Abandon all hope, ye who enter Cougar Town.

Abandon all hope, ye who enter Cougar Town.

Abandon all hope, ye who enter Cougar Town.

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Sept. 16 2009 5:04 PM

Community and Cougar Town

One of these shows is funny in a good way.

Community. Click image to expand.
Joel McHale in Community 

Community (NBC, Thursday at 9:30 p.m. ET) arrives blessed (and burdened) by advance publicity declaring it the most promising new comedy of the fall season, rightly so. Though uneven, the show is fast and frisky and notably better than not bad. Also, an overwhelming majority of its competition promises only to induce ennui.

Troy Patterson Troy Patterson

Troy Patterson is Slate’s writer at large and a contributing writer at the New York Times Magazine.

The star is Joel McHale, best known as host of The Soup, a superfluously clever weekly summary of reality-show happenings and celebrity-culture debasements. There—dashing in his cynicism, cheerful in his schadenfreude, respectful of the audience's intelligence—he lifts his sarcasm above mere snark and emerges as a heroic wit. Here, he brings much the same energy to his role as Jeff Winger, a handsomely unrepentant smartass. Jeff has earned a law degree and launched a distinguished career as an amoral shyster by BS-ing that he had earned a B.A. Found out, he is condemned to begin working toward a degree at the lowest tier of higher education, a community college where students pay tuition in an express aisle and where a Spanish professor concludes an unhinged monologue by fondly stroking the cheek of a random student. The offhand hilarity of this infinitely gentle back-of-hand caress is indicative of a comedy most hilarious in its details.

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Acrobatically, the show manages to mock to the low status of Jeff's classmates without sneering. They are enrolled, after all, at a "college of last resort," to use a phrase from "In the Basement of the Ivory Tower," a sad Atlantic article written by an anonymous English instructor. "I don't have cause to use much educational jargon," professor X wrote, "but deficits has often come in handy." The students here are appealing as underdogs—especially, as the pun of the title suggests, because of the bond among them. Each of the first two episodes offers something like a moral lesson, one made all the more palatable for the counterpoint of Jeff's great glib weaseling.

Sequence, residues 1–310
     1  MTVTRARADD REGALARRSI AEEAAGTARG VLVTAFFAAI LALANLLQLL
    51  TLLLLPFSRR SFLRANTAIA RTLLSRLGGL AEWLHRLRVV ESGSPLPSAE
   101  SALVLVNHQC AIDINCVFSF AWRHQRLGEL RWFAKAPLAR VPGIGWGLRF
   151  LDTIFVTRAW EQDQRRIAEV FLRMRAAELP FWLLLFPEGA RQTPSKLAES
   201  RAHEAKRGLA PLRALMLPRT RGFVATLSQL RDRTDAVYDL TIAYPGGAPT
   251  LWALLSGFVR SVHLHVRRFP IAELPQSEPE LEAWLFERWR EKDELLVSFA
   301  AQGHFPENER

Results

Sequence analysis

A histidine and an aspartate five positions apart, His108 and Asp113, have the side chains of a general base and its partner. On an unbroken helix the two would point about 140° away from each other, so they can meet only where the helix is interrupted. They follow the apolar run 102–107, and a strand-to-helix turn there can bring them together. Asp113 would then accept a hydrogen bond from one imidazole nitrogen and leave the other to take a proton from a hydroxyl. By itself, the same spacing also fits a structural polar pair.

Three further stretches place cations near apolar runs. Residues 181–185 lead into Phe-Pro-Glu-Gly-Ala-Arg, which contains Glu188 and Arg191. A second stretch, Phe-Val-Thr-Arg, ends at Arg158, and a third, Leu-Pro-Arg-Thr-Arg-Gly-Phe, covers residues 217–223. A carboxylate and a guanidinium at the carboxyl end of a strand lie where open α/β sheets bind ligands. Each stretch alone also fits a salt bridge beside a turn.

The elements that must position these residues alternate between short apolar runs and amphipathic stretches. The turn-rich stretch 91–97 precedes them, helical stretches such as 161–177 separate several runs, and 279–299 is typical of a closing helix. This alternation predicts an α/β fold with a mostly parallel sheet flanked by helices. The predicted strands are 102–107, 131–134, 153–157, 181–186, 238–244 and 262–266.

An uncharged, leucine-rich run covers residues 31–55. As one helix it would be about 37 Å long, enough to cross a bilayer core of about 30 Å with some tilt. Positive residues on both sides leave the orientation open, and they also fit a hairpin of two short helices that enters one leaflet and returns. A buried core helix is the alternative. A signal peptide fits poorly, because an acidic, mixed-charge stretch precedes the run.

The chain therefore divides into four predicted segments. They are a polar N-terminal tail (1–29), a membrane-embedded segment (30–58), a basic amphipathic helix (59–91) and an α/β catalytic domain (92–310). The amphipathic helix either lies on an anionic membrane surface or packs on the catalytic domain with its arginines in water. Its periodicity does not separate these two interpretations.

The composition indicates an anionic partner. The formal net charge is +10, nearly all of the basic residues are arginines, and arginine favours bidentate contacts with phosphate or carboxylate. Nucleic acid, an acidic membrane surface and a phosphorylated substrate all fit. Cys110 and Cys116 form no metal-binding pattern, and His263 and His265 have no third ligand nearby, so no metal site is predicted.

Jeff displays a conspicuous interest in approaches to theology that justify cheating on tests, exploiting alleged friends, and wooing a cutie-pie with exuberant lies. One hopes that future episodes will find him enrolled in a philosophy course where he adheres to principles of moral skepticism and further rocks ontology like a Bertrand Russell with gelled hair. At one point, he scoffs, "I discovered at a very early age that if I talk long enough, I could make anything right or wrong. So either I'm God or truth is relative." Elsewhere, he rounds out a pickup line by asking, "Is God dead?" The mind struggles to recall any other sitcom pilot riffing on the existence of a Supreme Being, only those so dreadful as to disprove his benevolence.

Cougar Town
Courteney Cox in Cougar Town 

One such refutation of divine goodness, Cougar Town (ABC, debuts Wednesday, Sept. 23, at 9:30 p.m. ET), stars Courteney Cox as Jules Cobb, a 40-year-old verging on a nervous breakdown. That Jules runs a real estate agency in contemporary Florida is the least of the indignities heaped upon her.

In the first scene, Jules assesses her figure in the bathroom mirror and frowns disconsolately. The millimeters of saggy skin around her elbows are Cox's own, but it is unclear to whom the (very minor) flab witnessed in extreme close-ups belongs. Perhaps she has a gut double. Divorced from (and paying alimony to) a chowderhead who lives across the street, convinced that her shortage of suitors verifies her unlovability, psychotically gauche in social situations, she embodies every familiar trope of an unmarried woman approaching menopause. The situation demands that she seek out a lover half her age. She clumsily wrangles herself a fellow who has only his pecs to recommend him. She lays him rather in the manner of a succubus leeching a victim's energy.

Cougar Town's stabs at edgy verbal humor rely on subjuvenile lines about reproductive anatomy. A passenger in an abruptly braked car complains, "My uterus almost shot out." More creepily, when Jules' teenage son heads out to meet a friend, she warns, "If I ever catch you two drinking and driving, I'ma show everyone that baby picture of you two holding each other's penises. So small!" What? Why? Must they? This column knows cougars, and Cox's is among the dreariest prowling their habitat.